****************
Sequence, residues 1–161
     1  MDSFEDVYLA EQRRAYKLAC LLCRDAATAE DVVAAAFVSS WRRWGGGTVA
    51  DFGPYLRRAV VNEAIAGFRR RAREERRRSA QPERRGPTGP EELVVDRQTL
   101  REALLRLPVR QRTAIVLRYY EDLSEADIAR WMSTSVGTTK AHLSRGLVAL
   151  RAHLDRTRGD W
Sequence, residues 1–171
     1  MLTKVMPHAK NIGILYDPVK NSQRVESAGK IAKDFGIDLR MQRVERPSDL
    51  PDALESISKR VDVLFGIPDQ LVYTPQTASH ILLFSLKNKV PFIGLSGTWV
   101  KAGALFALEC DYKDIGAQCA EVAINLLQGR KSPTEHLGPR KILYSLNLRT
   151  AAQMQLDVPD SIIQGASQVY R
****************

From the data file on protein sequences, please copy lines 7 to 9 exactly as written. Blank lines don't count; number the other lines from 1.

     1  MLTKVMPHAK NIGILYDPVK NSQRVESAGK IAKDFGIDLR MQRVERPSDL
    51  PDALESISKR VDVLFGIPDQ LVYTPQTASH ILLFSLKNKV PFIGLSGTWV
   101  KAGALFALEC DYKDIGAQCA EVAINLLQGR KSPTEHLGPR KILYSLNLRT